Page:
To keep this slightly outside the realms of ridiculousness, only players who have played at least one season of club football in Europe are included. Sorry Pele, with your 4,270 goals and 27 trophies.
Also, the number in brackets represents the amount of trophies the player won at club level. We’re not messing about with international honours.
Edwin van der Sar – 25 (trophies won with Ajax and Manchester United)
Our sincere apologies are extended to the first of just four goalkeepers to appear on this list. Edwin van der Sar, he of eight league titles, two Champions League trophies and many more accolades, might feel aggrieved not to have finished higher. On grounds of fairness, we have had to exclude his Intertoto Cups with both Juventus and Fulham.
Bastian Schweinsteiger – 25 (26) (Bayern Munich and Manchester United)
A man whose figures are boosted courtesy of victories in the Community Shield, EFL Cup and Europa League finals – he featured for 32 minutes across the entirety of the three tournaments – Bastian Schweinsteiger can also lay claim to a World Cup winner’s medal. He is one of four men to win the Bundesliga eight times – a joint record.
Paul Scholes – 25 (Manchester United)
It wasn’t until Paul Scholes’ second season as a professional that he lifted his first trophy. A Premier League and FA Cup double was delivered in the 1995/96 season, and he brought his 20-year playing career to a close with his 13th league title in 2013.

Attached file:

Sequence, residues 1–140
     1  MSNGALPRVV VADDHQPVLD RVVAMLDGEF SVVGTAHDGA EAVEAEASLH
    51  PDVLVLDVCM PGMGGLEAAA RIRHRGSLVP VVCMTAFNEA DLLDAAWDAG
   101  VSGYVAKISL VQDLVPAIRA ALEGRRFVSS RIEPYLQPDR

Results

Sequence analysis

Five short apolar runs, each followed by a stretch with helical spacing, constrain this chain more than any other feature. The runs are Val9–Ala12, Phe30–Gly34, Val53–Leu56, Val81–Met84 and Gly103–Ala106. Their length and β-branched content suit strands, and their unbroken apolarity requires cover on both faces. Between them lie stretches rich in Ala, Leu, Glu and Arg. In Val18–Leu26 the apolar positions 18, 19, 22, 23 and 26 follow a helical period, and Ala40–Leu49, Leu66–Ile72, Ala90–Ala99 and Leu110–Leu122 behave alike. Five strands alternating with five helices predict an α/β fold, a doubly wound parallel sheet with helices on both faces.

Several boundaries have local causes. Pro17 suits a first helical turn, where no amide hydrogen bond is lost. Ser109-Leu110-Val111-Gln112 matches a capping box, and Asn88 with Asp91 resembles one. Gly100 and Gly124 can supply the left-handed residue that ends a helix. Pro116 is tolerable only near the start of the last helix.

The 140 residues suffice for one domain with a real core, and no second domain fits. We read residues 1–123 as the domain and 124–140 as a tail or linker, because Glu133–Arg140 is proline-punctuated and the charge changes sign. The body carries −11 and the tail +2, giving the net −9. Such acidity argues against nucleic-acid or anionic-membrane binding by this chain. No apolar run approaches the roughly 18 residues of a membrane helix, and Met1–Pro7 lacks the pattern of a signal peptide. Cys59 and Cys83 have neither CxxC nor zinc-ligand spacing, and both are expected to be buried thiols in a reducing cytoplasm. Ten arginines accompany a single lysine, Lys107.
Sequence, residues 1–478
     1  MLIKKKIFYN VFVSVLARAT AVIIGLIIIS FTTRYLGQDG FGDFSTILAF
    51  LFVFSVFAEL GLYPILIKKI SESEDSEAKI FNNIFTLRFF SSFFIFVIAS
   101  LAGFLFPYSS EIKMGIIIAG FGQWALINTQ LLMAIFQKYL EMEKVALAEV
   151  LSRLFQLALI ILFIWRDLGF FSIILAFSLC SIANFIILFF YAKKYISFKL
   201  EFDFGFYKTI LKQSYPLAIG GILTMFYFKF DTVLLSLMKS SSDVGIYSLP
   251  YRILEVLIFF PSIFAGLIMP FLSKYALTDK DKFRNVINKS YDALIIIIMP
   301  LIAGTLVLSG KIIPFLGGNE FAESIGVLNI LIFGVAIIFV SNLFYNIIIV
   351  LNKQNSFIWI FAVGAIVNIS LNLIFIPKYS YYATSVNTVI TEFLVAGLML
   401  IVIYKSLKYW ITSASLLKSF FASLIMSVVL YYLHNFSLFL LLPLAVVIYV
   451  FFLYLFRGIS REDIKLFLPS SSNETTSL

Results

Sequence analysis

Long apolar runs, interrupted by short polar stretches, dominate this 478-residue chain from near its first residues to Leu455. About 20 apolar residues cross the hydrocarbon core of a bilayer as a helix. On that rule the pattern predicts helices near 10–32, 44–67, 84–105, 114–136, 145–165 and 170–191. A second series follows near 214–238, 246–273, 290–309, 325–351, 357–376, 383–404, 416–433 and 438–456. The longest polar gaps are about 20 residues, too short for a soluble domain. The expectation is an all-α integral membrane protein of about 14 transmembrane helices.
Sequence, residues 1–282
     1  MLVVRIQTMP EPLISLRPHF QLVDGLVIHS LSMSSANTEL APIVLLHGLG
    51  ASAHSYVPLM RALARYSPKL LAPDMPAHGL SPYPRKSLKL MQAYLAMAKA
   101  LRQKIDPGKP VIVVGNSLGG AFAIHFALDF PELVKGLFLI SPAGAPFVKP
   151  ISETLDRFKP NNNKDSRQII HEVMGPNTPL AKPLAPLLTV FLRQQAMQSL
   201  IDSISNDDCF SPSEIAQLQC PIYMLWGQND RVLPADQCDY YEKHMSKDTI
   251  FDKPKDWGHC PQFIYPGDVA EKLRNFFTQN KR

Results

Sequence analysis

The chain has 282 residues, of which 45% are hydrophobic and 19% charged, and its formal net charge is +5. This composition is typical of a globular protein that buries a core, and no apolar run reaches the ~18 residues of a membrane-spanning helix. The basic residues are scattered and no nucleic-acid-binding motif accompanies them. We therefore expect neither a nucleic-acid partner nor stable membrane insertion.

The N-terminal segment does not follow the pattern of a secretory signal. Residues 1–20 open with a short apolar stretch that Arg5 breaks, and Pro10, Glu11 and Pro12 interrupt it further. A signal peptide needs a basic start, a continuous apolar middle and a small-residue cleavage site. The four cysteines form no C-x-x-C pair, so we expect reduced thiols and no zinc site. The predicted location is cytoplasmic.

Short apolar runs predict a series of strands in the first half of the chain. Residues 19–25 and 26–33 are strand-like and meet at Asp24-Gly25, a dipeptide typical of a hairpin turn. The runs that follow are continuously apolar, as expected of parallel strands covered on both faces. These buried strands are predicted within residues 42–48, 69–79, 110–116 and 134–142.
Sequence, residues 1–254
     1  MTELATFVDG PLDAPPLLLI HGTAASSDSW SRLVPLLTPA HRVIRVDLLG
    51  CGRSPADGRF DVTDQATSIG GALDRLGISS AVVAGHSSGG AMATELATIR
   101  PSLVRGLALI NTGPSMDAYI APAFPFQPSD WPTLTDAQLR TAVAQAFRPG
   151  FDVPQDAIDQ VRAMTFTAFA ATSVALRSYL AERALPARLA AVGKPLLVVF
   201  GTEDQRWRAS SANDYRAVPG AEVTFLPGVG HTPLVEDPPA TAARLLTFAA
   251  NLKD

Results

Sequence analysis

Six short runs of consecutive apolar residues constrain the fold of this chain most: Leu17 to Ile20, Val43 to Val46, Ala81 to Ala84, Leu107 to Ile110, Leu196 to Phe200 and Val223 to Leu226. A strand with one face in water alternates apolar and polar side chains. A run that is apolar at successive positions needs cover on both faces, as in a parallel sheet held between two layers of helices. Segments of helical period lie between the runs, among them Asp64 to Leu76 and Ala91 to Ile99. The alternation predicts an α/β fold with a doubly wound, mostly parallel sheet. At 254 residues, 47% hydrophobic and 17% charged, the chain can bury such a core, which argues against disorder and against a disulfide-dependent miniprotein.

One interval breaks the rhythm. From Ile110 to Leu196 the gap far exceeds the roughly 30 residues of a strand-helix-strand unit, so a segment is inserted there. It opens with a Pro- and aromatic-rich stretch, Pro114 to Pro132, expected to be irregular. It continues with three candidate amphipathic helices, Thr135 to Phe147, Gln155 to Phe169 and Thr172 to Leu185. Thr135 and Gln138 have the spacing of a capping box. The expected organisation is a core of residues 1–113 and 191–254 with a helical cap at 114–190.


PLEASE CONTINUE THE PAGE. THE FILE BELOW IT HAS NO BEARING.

David Beckham – 25 (Manchester United, Real Madrid, LA Galaxy and PSG)
Some people will turn their nose up at the ten trophies David Beckham collected in five years with LA Galaxy, but the man is an icon and we won’t dare to argue with him.
David Beckham & Gary Neville celebrate their first Premier League title, 1996. pic.twitter.com/ATfMLOH3kJ
— Red Manc Snapshot (@RedMancSnapshot) August 14, 2016
Sergio Busquets – 26 (Barcelona)
He might not be the most popular footballer on earth, but the man who played a crucial role in Barcelona’s modern domination has a bulging trophy cabinet to show for it, so to speak. Don’t forget the World Cup and European Championship victories with Spain, either.
Arjen Robben – 26 (PSV, Chelsea, Real Madrid and Bayern Munich)
It turns out that cutting inside and shooting – and often scoring – is a pretty efficient tactic. Arjen Robben is one of a select few players to have ever won league titles in four different countries.
Paolo Maldini – 26 (AC Milan)
Another icon, Paolo Maldini trails only Real Madrid great Paco Gento in terms of European Cups/Champions Leagues won by one player, with five. He spent 25 seasons at AC Milan; he won 26 trophies.
Xavi – 27 (Barcelona and Al-Sadd)
Again, Xavi can count the illustrious Emir of Qatar Cup and Qatar Crown Prince Cup, won after a move to less testing waters in his twilight years, among his list of honours. Again, the boy is an icon and so we won’t argue.
Julio Cesar – 29 (Flamengo, Inter and Benfica)
The only real surprise is that Julio Cesar didn’t manage to increase his numbers at QPR. Imagine if he had Clint Hill in front of him for the 2010 Champions League final instead of Lucio.
Gerard Pique – 29 (Manchester United and Barcelona)
Does Gerard Pique cherish his 2007 Community Shield win over his six La Liga titles or four Champions League trophies? Almost certainly. The Barcelona boy is still only 30.
Lionel Messi – 30 (Barcelona)
But then Lionel Messi is just 29, and boasts more silver than a ruddy magpie. Cristiano Ronaldo, for what it’s worth, has won 21 trophies down the years – although the Portuguese has tasted success with his country.
Andres Iniesta – 30 (Barcelona)